Editor’s Note: Peter Pelland is the CEO of Pelland Advertising, a company that he founded in 1980 that has been serving the family camping industry for nearly 40 years. His company specializes in building fully responsive websites, along with producing a full range of four-color process print advertising, for clients from coast to coast. Learn more about Pelland Advertising at www.pelland.com.
You have no doubt heard about Starlink, the satellite-based high-speed Internet service from SpaceX. To say that Starlink is innovative and groundbreaking in every way imaginable would be quite an understatement. Primarily intended to provide broadband Internet to people in remote locations, Starlink differs from other satellite-based Internet service providers such as HughesNet. Unlike conventional satellite networks that use small numbers of enormous satellites in geosynchronous orbits over 22,000 miles into space, Starlink employs a “constellation” of 573-pound refrigerator-sized satellites in low Earth orbit at an operational altitude of only 340 miles. Based upon those orbital heights alone, the improvements in signal latency are tremendous.
At the time of this writing (late May 2022), there are currently about 2,400 Starlink satellites in orbit, mostly operational and some on standby. SpaceX is launching another 50 or so into orbit about once a week, essentially as fast as they can be built. The U.S. Federal Communications Commission (FCC) has licensed SpaceX for 12,000 Starlink satellites and international regulators are expected to license another 30,000, totaling the 42,000 satellites that SpaceX hopes to eventually deploy in its “mega constellation.” Each of the satellites presents the connecting point between end users and fiber optic gateway ground stations that provide the Internet data that is being requested. The distance between an end user and the associated ground station also influences the overall connection speed and latency, and SpaceX is continually adding new ground stations while also introducing a new generation of Starlink satellites that will communicate directly with one another at the speed of light via laser, minimizing the number of ground stations needed.
In case you haven’t already guessed, I am a Starlink subscriber who is quite enthused with the service. Until recently, people waited up to a year for their Starlink equipment, but the service is readily available now. I am based in a heavily wooded, rural location in Western Massachusetts, and at any given time, I am connecting to one of anywhere from six to 12 satellites that are within view of my very carefully mounted antenna. Depending upon which satellite is connecting with my equipment (a fluid process that is constantly changing), my data might be coming from a ground station in Litchfield, Conn.; Lunenburg, Vt.; Beekmantown, N.Y.; Lockport, N.Y.; or even Sullivan, Maine. If you really want to geek out and monitor your connections in real time, I highly recommend the third-party Starlink Coverage Tracker at starlink.sx.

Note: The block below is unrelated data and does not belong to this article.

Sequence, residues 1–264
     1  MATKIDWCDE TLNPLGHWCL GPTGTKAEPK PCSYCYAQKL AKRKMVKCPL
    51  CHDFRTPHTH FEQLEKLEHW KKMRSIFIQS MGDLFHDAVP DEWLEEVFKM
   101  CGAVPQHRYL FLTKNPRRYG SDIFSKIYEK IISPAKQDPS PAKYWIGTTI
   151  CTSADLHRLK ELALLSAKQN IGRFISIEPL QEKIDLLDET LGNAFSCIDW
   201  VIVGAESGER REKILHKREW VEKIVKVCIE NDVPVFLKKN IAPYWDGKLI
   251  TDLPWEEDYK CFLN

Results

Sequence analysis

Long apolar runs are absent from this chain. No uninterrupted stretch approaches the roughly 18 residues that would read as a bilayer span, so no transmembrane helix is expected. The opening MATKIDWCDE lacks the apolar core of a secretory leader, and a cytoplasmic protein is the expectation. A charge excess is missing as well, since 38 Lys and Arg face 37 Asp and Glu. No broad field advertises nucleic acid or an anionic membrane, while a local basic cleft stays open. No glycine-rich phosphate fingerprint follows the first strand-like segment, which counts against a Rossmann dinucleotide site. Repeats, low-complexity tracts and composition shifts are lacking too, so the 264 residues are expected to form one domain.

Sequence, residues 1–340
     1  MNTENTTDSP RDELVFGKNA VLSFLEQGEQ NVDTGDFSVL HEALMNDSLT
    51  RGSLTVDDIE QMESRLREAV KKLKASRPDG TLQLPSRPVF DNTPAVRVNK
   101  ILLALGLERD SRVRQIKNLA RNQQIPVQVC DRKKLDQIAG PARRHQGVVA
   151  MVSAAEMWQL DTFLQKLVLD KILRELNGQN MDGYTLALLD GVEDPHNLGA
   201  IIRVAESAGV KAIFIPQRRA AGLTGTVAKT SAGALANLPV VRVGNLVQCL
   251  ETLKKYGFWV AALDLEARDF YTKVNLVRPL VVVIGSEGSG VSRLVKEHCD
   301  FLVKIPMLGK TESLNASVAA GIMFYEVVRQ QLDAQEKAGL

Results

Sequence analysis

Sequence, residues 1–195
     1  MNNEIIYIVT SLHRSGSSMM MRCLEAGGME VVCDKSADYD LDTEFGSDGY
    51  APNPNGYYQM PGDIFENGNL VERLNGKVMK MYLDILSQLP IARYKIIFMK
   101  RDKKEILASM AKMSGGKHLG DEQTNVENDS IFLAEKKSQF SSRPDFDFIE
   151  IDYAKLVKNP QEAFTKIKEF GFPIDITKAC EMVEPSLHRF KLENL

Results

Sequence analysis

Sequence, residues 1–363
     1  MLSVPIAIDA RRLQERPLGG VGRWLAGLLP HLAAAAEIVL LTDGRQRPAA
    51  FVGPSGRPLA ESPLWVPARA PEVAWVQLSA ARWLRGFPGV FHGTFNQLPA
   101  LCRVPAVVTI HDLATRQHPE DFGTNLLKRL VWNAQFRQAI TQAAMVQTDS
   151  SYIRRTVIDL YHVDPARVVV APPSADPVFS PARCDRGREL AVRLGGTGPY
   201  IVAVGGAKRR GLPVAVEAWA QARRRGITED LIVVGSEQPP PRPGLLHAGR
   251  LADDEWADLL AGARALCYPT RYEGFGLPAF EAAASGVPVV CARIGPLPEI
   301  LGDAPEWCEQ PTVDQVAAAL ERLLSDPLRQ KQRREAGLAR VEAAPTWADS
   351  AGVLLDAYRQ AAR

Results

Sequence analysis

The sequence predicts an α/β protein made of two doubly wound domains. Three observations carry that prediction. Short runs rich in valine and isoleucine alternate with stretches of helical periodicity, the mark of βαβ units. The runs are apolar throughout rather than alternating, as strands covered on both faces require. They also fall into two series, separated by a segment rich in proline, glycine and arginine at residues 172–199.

Back to My Original Question
Is Starlink right for you? Maybe. Starlink is primarily designed to provide high-speed Internet service for people in rural and underserved areas. Until now, my only option was DSL (which I think is an acronym for “Darned SLow”) or paying Comcast $20,000.00 to extend the cable to my residence so I would then have the privilege of subscribing to their service. With Starlink, you are seamlessly connecting to a satellite within the constellation that is within reach of your antenna, so latency, download speeds and upload speeds will continually fluctuate but are roughly 20 times the speed of DSL. With our DSL phone lines now ported to Voice over Internet Protocol (VoIP) through Ooma (for both my business and residential services), I was able to cancel our services with Verizon, effectively offsetting the Starlink subscription fee. Every service and device in our household that requires an Internet connection is running through Starlink, with bandwidth to spare.
The rule of thumb is that, if you have fiber optic or cable available, one of those would be your first choice. If not, Starlink will be your first choice. There are three options currently available.